Cliff House in San Francisco becomes latest government shutdown casualty 

click to enlarge Cliff House
  • Mike Koozmin/The S.F. Examiner
  • Ralph Burgin of the Cliff House carries a box of fresh seafood for donation. The Cliff House sits on national parkland.
Crab legs peeked from the plastic tub on Ralph Burgin’s shoulder Thursday morning as he carried fresh seafood from the closed Cliff House, a San Francisco icon perched above the Pacific Ocean.

The food had to be donated or it would rot, said Burgin, who is the general manager of the Cliff House.

The Cliff House has become another victim of the federal government shutdown that started Monday. It will remain closed until Congress passes a budget to fund the government’s obligations, including operations on national parkland; the Cliff House sits within the Golden Gate National Recreation Area.

“It comes from Washington,” Burgin said of the closure. But Burgin’s staff, along with those of Sutro’s at the Cliff House and the Bistro, were not the only people impacted by the shutdown of the national park area.

Tourists, hikers and view seekers looking for bathrooms or aiming to browse the Cliff House’s gift shop all found locked doors posted with signs notifying them of the shutdown.

A German couple from Munich said they had made it to other national parks across the country before the closures, but came to the Cliff House on Thursday to find only locked doors.

“We just made it where we were, thought they’d close,” said AnnMarie Lhotzky, 80, as she and her husband Peter, 82, looked at the sign taped to the locked door.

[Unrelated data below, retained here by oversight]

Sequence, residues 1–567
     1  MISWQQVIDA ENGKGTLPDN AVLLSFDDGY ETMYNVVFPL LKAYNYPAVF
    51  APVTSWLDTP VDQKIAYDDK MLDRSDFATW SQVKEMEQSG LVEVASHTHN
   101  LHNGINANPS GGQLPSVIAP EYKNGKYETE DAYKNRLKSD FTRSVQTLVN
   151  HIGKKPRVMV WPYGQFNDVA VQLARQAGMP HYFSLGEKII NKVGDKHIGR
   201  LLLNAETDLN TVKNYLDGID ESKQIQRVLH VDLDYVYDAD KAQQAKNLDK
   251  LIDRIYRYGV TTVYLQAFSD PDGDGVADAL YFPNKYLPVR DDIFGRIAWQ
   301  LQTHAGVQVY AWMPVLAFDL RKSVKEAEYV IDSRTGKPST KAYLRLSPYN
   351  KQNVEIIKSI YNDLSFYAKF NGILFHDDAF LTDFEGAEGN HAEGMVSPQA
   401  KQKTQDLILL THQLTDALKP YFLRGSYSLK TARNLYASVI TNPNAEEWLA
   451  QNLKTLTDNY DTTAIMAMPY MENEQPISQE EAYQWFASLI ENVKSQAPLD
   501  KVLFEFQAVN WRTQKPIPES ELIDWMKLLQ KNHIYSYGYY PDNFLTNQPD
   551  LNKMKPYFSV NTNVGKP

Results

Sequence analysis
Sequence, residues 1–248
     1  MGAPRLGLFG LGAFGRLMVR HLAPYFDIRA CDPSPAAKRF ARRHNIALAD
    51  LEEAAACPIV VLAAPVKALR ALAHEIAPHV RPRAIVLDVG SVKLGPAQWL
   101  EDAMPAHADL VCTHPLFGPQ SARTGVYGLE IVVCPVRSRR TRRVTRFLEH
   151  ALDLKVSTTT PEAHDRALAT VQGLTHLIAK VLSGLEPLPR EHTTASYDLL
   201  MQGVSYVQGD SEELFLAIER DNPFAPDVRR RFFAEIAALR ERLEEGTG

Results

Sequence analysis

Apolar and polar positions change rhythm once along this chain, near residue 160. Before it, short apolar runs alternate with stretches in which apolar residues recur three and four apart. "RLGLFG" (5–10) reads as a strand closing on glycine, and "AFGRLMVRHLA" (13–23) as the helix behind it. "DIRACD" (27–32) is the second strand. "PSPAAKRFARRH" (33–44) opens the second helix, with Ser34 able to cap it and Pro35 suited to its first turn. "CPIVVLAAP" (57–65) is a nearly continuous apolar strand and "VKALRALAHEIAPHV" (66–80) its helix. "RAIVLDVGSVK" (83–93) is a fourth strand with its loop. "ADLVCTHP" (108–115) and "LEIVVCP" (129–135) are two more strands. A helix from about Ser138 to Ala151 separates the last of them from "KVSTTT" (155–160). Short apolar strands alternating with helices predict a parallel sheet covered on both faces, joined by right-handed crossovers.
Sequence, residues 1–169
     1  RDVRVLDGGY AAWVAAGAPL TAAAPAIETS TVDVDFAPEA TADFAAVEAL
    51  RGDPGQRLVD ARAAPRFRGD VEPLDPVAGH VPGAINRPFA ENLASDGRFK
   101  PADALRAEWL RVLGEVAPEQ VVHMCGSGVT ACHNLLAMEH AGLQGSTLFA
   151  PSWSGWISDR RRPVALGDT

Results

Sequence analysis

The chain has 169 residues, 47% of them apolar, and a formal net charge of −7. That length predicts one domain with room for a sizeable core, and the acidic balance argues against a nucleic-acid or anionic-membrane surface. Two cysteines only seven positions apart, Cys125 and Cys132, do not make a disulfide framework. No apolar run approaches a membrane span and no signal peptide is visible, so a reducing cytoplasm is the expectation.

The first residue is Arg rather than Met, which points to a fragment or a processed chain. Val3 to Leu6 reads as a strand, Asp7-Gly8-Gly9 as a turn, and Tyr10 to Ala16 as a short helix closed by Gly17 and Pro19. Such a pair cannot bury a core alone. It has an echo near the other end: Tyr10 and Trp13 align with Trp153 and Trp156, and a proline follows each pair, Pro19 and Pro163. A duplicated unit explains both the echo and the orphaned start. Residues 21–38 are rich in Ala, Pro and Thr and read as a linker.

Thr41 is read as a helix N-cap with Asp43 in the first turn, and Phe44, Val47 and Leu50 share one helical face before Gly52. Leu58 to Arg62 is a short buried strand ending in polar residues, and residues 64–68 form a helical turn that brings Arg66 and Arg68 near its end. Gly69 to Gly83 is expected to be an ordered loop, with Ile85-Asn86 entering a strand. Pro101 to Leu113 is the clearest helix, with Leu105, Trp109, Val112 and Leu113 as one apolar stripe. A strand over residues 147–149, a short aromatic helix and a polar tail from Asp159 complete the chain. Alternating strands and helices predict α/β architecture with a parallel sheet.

“In Germany it wouldn’t happen,” she said.

Victoria Tregoning, 70, of Menlo Park, along with four other Sierra Club members on a day hike, was looking for restrooms at the Cliff House on Thursday.

“All the public toilets are shut,” she said. “It’s a huge impact on people.”

Rae De Palma, 80, of San Carlos complained that it made no sense to close the Cliff House since they are losing money.

Lucky for them, the group of five ladies had brought lunch. For De Palma, that was a BLT.

For Burgin — who had no shortage of things to eat — this was not the first time the Cliff House, a concessionaire at the park, had to deal with a congressional stalemate.

“Back in [1995-96],” he said, “we were allowed to stay open.” While the Cliff House was forced to close, nearby Louis’ Restaurant was not forced to do so, said manager Kathy Hontalas. She said they were allowed to stay open because they hold a lease from the GGNRA. The Cliff House is a concessionaire of the park.

About The Author

Jonah Owen Lamb

Jonah Owen Lamb

Bio:
Born and raised on a houseboat in Sausalito, Lamb has written for newspapers in New York City, Utah and the San Joaquin Valley. He was most recently an editor at the San Luis Obispo Tribune for nearly three years. He has written for The S.F. Examiner since 2013 and covers criminal justice and planning.
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